The Failure of IT Projects

A found this article on Why So Many Big IT Investments Do So Little for Shareholder Value via a great blog: Drakeview and was once again floored by:

He cited figures from Gartner Research showing that “on average, 20% of the corporate IT budget is spent on initiatives that don't achieve their objectives. That means $500 billion of bad investments.” In the U.S. alone, he said, total spending on Customer Relationship Management has reached $10 billion, “but analysts estimate that more than half of CRM projects fail.” In addition, more than 90% of companies are dissatisfied with the results of their Enterprise Resource Planning implementation.

Being a small software company, this simply stuns me. I can't imagine wasting 20% of my budget to implement a piece of software or a suite of software that didn't either a) provide returns to the bottom line or b) make my team's tasks easier. The author believes that the reason for this boils down to 2 points:

“One, it's difficult to sustain a technology-based competitive advantage; two, companies often lack the management discipline they need when evaluating technology proposals.”

The first point makes perfect sense for two reasons. First, a technology company, whether it's CaseySoftware or Oracle wants to make a good return on its own investment. Therefore, there is a fundamental drive to take the code, product, or service developed and honed for your organization and modify it for the next organization and charge much less. This is why most CaseySoftware projects – like the soon to be released Microsoft Project to dotProject importer – have built in agreements not to recommercialize or publicly release the specific code for at least three to six months. This gives our customers the opportunity to completely integrate it into their operations and make further improvements.

Second, if a particular organization jumps ahead with a huge advantage, its competitors *must* work to close the gap as soon as possible. Look at something relatively benign like “Member Cards” at grocery stores. A few years ago, only a few places used them. After it was seen how much marketing and purchasing information could be gleaned from them, every store uses them. For example, we recently completed a web-based Lead Management System for a local group of “house flippers” (people who buy homes and attempt to sell them quickly at a large profit) that tracks the property through the entire process and calculates the costs and profit in realtime. We have already been contacted by three similar groups…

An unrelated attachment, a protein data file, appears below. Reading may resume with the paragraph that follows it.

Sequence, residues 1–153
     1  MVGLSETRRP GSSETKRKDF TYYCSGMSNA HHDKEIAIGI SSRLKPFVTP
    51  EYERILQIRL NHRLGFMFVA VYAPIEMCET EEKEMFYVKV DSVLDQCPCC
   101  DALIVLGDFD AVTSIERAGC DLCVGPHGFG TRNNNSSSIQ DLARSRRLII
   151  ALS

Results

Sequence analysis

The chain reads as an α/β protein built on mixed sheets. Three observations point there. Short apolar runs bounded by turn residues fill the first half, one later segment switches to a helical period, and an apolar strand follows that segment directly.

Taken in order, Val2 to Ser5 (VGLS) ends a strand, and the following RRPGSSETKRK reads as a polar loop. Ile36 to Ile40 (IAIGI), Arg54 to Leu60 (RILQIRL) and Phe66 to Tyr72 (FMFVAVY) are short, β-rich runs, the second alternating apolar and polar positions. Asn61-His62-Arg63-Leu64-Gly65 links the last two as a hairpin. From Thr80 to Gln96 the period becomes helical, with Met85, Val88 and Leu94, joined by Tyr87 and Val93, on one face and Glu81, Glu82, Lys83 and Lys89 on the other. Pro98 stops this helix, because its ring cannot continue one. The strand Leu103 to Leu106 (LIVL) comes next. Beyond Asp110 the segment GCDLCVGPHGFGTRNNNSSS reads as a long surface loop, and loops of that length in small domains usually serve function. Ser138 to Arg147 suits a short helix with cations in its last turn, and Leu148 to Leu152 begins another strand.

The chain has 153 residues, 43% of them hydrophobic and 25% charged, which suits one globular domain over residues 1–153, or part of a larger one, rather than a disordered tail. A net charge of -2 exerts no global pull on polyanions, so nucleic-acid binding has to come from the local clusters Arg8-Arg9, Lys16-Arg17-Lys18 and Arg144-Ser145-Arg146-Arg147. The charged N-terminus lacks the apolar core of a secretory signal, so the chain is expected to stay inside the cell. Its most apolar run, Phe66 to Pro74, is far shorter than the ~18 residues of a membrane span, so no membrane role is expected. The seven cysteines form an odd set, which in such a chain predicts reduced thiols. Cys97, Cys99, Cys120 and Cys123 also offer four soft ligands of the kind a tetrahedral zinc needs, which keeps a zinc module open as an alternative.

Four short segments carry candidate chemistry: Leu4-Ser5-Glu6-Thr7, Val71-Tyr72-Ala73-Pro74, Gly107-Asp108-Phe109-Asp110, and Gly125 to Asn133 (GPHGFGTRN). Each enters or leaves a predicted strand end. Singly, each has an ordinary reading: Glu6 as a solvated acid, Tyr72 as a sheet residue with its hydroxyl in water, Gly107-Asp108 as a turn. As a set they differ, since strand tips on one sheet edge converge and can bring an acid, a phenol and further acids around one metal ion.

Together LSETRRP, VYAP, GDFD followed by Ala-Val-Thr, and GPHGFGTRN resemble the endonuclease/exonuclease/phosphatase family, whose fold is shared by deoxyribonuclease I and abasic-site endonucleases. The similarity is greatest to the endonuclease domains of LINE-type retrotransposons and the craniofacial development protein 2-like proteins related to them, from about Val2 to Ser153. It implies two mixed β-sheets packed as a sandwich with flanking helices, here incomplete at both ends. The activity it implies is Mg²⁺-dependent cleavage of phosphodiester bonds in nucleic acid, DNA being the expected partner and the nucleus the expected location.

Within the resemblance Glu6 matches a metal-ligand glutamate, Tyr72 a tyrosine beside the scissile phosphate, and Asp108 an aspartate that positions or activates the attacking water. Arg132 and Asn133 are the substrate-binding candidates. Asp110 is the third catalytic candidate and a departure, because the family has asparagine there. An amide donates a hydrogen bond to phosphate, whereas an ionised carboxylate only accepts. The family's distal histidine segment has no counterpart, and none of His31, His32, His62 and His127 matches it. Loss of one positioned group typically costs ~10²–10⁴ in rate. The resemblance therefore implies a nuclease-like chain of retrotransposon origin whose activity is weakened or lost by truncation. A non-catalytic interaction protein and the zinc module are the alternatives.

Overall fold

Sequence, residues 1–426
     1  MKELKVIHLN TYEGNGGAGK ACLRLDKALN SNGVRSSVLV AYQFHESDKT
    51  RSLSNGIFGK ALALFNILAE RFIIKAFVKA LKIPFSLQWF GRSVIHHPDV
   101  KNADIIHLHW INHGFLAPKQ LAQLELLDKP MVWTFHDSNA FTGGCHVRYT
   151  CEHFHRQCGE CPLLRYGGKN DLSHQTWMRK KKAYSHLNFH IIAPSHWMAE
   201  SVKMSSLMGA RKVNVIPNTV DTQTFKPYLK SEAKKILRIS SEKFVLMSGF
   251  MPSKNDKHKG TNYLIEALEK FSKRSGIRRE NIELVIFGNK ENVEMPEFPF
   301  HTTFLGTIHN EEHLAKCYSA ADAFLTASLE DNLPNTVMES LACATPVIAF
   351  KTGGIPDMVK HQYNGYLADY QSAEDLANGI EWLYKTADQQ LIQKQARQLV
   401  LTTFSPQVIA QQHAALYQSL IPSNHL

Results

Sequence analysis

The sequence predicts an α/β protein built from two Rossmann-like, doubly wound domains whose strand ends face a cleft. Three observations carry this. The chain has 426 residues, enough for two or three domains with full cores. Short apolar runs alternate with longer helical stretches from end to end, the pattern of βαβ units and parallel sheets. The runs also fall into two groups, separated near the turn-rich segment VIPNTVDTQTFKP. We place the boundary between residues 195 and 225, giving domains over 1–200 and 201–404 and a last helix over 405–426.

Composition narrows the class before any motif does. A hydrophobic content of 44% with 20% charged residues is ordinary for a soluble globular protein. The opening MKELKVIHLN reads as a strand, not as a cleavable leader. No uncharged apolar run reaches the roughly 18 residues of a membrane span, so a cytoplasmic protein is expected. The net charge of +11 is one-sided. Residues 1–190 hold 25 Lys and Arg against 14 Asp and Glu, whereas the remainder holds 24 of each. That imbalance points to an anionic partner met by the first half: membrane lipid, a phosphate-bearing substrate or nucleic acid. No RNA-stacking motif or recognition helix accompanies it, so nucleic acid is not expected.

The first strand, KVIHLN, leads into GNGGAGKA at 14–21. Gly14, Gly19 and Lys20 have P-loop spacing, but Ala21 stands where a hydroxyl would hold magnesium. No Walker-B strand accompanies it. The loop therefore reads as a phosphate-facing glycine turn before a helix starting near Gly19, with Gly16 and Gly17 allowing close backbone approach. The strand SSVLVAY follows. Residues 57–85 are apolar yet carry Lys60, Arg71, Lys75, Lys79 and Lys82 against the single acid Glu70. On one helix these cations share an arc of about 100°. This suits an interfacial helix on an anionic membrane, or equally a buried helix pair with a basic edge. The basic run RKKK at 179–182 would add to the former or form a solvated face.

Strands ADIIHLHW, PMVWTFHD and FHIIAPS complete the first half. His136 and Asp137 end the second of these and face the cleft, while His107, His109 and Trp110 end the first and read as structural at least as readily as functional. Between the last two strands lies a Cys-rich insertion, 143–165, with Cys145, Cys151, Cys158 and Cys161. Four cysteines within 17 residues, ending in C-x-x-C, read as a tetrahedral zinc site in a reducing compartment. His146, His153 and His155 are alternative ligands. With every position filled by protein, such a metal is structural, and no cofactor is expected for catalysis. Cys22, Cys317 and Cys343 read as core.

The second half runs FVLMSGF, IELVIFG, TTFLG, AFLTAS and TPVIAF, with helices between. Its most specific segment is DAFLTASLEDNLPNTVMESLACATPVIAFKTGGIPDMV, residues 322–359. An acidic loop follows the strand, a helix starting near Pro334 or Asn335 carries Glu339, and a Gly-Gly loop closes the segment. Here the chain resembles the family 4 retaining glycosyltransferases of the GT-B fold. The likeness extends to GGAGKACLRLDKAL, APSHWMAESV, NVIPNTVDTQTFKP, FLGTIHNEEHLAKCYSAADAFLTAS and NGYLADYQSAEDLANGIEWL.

The second point: “Companies often lack the management discipline they need when evaluating technology proposals” strikes me as humorous. As mentioned in Carnival of the Capitalists yesterday, a blog cannot solve all your marketing woes. I've gotten numerous proposals describing how a business plan with technology X is “going to go crazy.” If someone told you they were going to become a master carpenter by buying a pneumatic nailgun, you'd think they're crazy. Why do we accept this with technology?

Finally, most organizations don't know how to measure the results of their implementation. How much time has the new system saved? Are manual processes improved/eliminated? Do customer invoices get out sooner? Do vendors get paid faster? What are the old and new error rates of invoices/payments? Are sales increasing? Are infrastructure costs lower?

In my last non-CaseySoftware firm, I worked on the development and rollout of a huge Ticket-based Time Tracking System which handled Time, Materials, and Equipment tracking and billing. Within 60 days of deployment, we found three interesting measures.

First, invoices were being sent to customers within 7 days instead of 45. This resulted in payment often being received in the same quarter after it was billed as opposed to 75 days after the work was performed.

Second, payroll took two people one day each instead of one person fulltime and was therefore no longer on the Critical Path for payroll processing. [That one person was re-assigned to other tasks that had been going undone.]

Finally, Material purchasing was able to be coordinated across crew and customers to negotiate better prices with Vendors.

Without having these sorts of metrics, success/failure can't be measured and therefore an investment cannot be clearly evaluated.